There was not an exact match for the language you toggled to. You have been redirected to the nearest matching page within this section.
The Pilgrim Paths
The Pilgrim Paths in Akershus is one part of the St Olav Way which takes you to Trondheim. In mediaeval time this was the main goal for pilgrimages in the Nordic area with the cathedral Nidarosdomen and St. Olav’s relics.
The Pilgrim Paths in Oslo and Akershus can be reached when arriving in Oslo with boat from either Kiel in Germany or from Denmark, or by air to one of the airports; Oslo Airport, Gardermoen or Rygge Airport in Østfold. You can go straight from the ferry or the plane and start your walk.
When in Oslo you have the choice of an eastern or western path. Are you arriving from the south you will meet the path from the south through Follo at the boarder of county Østfold. It takes you to Gamlebyen in Oslo.
Heading east from Oslo you will soon leave the suburbs and meet the rolling cultivated landscape in Romerike. At the river Nitelva was once the site of the battle between Olav Haraldsson and the local tribe in the petty kingdom of Romerike. The path later takes you past Raknehaugen. This burial mound is the largest barrow in Northern Europe. On your way you will pass many beautiful old churches. In Eidsvoll you have the option of taking the paddle steamer Skibladner to cross Norway’s largest lake, Mjøsa. Accommodation options along the way are in hotels, hostels and in farms.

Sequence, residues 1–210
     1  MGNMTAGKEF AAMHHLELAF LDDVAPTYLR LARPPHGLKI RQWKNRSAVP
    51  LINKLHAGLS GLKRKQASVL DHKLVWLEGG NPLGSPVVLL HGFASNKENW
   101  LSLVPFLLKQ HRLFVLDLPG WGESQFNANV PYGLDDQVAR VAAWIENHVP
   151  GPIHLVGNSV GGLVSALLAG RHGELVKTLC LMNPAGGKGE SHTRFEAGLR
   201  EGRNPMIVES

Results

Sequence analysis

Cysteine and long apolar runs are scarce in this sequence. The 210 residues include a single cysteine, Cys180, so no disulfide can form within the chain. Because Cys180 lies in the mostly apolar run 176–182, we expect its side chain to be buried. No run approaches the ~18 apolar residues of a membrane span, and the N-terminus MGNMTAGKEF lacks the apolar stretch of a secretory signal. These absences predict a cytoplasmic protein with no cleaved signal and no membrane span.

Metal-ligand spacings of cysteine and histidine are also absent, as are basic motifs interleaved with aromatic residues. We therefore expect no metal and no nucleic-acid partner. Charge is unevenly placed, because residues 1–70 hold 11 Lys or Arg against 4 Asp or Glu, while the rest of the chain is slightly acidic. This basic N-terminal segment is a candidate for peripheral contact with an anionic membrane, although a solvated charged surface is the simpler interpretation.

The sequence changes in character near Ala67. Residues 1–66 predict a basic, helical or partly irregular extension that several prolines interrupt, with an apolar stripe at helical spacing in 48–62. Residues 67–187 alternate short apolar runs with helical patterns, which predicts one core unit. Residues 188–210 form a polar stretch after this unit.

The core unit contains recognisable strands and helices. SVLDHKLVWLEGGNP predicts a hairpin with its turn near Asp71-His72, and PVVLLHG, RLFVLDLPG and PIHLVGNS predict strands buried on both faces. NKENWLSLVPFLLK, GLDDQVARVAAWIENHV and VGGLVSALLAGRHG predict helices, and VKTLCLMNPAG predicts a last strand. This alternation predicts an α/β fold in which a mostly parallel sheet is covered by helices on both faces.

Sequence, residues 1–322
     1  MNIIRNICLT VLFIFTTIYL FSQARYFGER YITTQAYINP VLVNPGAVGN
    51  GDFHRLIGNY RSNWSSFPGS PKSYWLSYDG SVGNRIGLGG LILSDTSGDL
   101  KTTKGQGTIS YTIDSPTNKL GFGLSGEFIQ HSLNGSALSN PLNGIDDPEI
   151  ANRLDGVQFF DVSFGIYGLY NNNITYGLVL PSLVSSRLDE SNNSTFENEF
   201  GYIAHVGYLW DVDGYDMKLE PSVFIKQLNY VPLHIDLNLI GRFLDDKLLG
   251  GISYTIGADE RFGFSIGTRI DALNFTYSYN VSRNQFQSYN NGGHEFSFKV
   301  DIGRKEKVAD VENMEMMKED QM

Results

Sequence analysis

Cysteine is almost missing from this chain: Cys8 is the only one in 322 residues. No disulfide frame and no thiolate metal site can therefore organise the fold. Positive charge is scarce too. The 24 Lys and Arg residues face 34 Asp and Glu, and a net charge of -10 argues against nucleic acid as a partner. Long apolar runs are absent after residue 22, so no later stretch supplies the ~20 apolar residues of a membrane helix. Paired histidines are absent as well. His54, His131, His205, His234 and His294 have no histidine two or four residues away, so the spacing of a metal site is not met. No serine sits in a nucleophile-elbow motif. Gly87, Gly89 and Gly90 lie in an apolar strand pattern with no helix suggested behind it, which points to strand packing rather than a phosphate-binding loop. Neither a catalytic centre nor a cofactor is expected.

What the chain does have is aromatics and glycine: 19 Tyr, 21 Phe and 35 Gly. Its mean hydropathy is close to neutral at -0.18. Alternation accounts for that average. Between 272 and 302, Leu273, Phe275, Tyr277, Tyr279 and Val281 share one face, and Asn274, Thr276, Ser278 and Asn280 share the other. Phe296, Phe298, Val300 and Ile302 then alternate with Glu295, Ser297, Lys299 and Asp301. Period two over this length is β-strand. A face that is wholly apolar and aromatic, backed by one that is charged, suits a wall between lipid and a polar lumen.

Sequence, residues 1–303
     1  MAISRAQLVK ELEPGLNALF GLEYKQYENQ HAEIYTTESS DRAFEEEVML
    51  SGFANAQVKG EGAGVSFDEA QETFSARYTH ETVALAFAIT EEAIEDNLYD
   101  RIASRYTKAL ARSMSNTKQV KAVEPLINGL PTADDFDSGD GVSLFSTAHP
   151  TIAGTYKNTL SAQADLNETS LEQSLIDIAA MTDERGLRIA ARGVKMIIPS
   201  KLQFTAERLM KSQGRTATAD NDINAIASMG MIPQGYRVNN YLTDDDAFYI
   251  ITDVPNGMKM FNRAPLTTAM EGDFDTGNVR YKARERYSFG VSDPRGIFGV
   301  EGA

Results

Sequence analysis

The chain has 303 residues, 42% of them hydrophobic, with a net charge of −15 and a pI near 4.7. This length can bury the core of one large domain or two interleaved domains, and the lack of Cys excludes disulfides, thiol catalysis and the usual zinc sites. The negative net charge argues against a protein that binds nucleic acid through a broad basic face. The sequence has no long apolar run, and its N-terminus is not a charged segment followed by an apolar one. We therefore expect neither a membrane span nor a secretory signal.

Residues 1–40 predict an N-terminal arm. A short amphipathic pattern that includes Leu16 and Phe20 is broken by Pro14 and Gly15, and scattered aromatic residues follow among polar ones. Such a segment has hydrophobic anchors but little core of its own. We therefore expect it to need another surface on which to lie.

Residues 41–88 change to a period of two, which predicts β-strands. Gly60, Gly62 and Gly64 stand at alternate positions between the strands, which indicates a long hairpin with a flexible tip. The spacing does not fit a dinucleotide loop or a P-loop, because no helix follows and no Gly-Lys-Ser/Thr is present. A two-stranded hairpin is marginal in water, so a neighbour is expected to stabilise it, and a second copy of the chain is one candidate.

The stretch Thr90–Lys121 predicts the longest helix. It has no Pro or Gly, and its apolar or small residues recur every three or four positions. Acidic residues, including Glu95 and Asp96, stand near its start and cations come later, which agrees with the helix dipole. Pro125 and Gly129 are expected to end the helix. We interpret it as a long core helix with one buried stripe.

If you chose the western route from Oslo you will pass the only remaining mediaeval church in Oslo, Gamle Aker church. Here you’ll also find the Oslo Pilgrim Center where you can get advice for your pilgrimage.
The path takes you through the Vigeland Park with all its sculptures. Leaving the urban Oslo you walk through an older residential area on your way to Bærum and the mediaeval Haslum Church. From here you can follow paths through the forest. In Bærum you can stay in cottages at Sæteren gård and later continue across Krokskogen to Bønsnes, where Olav Haraldsson spent his childhood years according to the legend.
Information from Visit Greater Oslo and Pilegrimsleden.no